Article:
Daily World News Digest, 2 March 2016

Provinces commit to help inquiry into missing, murdered Indigenous women

MacLean’s magazine carried a story on 1 March saying that the provinces agreed Friday to co-operate with and support a national inquiry into missing and murdered aboriginal women. Indigenous and Northern Affairs Minister Carolyn Bennett called the commitment an important step forward. The commitment means child welfare, policing, education and other areas that are fully or partly under provincial jurisdiction will be examined when the inquiry starts up. The governments also issued a joint four-page document that, in broad terms, commits them to improve the social and economic conditions faced by aboriginals. http://bit.ly/217E6HI

Parents of 5 missing Mexican youths await proof kids are dead

Latin American Herald Tribune carried a story today saying that relatives of the five young people who disappeared 11 January in the Mexican Gulf state of Veracruz will accept authorities’ account that they are dead “the day there is evidence,” a family member of two of the youths told. “Based on the information that we have, (the young people) were burned, later grinded down, likely in a sugar mill, and thrown into a small river,” Government Undersecretary for Human Rights Roberto Campa told. The five victims were arrested by state police at a gas station in Tierra Blanca as they returned from vacation, with the incident caught by security cameras. Campa acknowledged that the Tierra Blanca case was similar to the case of Ayotzinapa students. http://bit.ly/1nhGVIZ

In 2 years, 2,000 abduction cases reported in Jammu and Kashmir

Kashmir Monitor reported today that around 2,000 cases of abduction have been reported in Jammu and Kashmir for the past two years. According to the official figures of Crime Branch J&K, 858 cases of abduction were reported in 2014 in various police stations in the state. The numbers increased by around 300 cases to 1,152 in 2015. However, police said scores of such cases go unreported either due to remoteness of the location or their families fail to follow such cases due to the poverty. In J&K, around 9000 enforced disappearances have taken place since 1990 and their kith and kin have been demanding their whereabouts. http://bit.ly/1L4WgIt

El Nadeem Center documents disappearances and torture despite closure order

Menafn, a news portal from the Middle East, carried a story today saying that El Nadeem Centre for the Rehabilitation of Violence of Victims released a report Monday highlighting violations by the Ministry of Interior in February 2016 against the prisoners and normal citizens. The center continued its work documenting violations via social media despite the order from the Ministry of Health to close the center. The report observed 155 cases of enforced disappearances, 44 cases of reappeared persons after an enforced disappearance, and 44 cases of medical negligence in detention. http://bit.ly/1OOwSBk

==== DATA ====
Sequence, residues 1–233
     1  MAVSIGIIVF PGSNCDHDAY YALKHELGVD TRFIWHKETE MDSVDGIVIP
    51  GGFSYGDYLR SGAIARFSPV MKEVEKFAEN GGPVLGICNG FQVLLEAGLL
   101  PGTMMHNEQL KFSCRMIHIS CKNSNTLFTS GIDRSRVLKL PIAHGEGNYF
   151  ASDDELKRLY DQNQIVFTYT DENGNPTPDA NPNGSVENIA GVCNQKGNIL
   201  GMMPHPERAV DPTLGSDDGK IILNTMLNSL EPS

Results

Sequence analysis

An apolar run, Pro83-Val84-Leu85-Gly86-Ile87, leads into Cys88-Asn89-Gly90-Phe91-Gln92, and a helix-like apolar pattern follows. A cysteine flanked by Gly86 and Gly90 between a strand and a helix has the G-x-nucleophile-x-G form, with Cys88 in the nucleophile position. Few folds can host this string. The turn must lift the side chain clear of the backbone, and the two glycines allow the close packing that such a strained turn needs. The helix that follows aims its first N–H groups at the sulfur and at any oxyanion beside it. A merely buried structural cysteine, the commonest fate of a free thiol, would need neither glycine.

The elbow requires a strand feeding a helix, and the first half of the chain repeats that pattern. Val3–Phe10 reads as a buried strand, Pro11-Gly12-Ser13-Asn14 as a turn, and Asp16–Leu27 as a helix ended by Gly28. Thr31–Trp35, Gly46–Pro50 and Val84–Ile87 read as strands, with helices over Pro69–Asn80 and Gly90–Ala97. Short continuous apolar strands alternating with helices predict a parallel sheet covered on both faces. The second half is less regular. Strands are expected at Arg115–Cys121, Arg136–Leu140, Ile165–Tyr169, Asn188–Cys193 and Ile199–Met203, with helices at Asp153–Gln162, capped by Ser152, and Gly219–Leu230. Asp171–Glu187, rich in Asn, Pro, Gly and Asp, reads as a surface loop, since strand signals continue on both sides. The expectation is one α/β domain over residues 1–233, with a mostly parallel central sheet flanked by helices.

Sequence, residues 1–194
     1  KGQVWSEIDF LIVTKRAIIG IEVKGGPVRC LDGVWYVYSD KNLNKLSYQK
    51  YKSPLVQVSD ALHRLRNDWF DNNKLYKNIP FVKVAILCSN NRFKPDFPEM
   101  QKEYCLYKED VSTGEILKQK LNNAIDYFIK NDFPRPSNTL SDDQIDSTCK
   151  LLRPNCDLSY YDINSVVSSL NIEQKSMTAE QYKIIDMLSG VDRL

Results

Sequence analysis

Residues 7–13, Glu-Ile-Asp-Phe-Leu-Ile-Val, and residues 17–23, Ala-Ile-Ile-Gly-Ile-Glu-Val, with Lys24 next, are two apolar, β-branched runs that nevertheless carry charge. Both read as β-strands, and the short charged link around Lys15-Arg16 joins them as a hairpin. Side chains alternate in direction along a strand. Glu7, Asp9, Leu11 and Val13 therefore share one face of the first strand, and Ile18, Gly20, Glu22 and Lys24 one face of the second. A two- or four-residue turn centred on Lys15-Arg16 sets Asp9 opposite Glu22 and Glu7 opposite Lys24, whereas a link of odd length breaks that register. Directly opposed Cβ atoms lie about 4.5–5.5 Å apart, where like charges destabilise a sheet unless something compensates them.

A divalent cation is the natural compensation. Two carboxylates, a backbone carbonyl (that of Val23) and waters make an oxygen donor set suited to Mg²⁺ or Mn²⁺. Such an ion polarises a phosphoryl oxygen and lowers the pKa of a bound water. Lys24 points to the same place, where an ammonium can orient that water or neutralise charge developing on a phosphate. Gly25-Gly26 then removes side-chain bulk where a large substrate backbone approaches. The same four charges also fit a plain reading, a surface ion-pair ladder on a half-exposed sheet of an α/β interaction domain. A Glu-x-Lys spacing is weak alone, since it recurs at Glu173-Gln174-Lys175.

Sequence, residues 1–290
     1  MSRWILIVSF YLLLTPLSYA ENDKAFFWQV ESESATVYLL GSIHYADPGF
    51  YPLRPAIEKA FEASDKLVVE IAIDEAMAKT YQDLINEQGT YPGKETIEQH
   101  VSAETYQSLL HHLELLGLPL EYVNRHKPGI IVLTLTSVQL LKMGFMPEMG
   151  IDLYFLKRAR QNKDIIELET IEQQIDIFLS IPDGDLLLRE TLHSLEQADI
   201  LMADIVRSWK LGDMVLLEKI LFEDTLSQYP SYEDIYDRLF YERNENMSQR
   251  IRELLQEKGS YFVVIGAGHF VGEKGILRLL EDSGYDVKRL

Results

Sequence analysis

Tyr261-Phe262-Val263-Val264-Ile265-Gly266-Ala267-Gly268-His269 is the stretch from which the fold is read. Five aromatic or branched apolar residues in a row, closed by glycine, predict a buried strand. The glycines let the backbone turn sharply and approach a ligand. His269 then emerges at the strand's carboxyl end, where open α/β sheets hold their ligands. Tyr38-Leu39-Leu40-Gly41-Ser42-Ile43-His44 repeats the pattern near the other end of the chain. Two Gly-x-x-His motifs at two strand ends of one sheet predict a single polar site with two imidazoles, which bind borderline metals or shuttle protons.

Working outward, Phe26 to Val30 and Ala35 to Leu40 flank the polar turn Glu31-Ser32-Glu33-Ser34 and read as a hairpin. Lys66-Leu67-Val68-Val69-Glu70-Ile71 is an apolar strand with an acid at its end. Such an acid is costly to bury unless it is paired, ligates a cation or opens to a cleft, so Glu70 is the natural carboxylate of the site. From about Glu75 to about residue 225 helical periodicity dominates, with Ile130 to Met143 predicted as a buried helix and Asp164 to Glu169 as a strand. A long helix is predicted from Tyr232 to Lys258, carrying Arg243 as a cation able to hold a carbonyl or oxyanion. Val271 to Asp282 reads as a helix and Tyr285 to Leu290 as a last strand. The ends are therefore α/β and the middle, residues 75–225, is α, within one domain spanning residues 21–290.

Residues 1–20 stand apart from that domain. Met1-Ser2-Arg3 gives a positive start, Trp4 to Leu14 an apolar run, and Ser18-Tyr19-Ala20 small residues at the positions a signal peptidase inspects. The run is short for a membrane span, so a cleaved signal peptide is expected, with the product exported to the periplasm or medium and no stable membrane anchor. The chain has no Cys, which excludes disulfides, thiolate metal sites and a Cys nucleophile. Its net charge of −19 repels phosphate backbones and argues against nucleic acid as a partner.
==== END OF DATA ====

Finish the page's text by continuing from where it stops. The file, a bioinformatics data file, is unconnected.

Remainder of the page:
Family activism in Nepal brings attention to rights abuses

Asian Human Rights Commission issued a statement on 1 March saying that a lot of Nepalese suffered terribly at the hands of both the state and the rebels during the decade-long Maoist conflict. Civilians were caught in the middle, with both sides committing grave human rights violations including extrajudicial execution, enforced disappearance, arbitrary arrest and torture including rape and other forms of sexual violence. About 17,000 Nepalese lost their lives and more than 1,400 were disappeared during the 10 years of the fighting. Their fate and whereabouts are still unknown. Real Rights Now is a new campaign launching this week to highlight the need for justice against human rights violations and support family activism for their right to know. http://bit.ly/1WUqlei

Items in Daily World News Digest are summaries of published reports relevant to the issue of missing persons, compiled by ICMP staff.  These items do not necessarily reflect the position of ICMP.